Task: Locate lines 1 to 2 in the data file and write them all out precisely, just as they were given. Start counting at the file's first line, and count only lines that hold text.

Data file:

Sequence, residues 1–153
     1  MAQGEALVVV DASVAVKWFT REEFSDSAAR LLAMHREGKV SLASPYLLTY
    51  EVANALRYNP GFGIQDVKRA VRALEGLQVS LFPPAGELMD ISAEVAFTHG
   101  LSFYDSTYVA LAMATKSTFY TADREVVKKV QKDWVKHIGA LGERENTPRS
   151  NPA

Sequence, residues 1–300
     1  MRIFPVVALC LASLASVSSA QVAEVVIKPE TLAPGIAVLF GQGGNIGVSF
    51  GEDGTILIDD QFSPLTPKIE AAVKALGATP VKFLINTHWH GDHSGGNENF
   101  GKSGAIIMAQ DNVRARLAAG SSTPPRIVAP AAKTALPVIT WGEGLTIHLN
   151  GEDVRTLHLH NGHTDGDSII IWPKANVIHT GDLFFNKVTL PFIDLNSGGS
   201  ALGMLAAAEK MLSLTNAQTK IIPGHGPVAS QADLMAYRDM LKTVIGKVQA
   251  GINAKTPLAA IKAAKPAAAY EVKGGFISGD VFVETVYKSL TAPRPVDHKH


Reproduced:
Sequence, residues 1–153
     1  MAQGEALVVV DASVAVKWFT REEFSDSAAR LLAMHREGKV SLASPYLLTY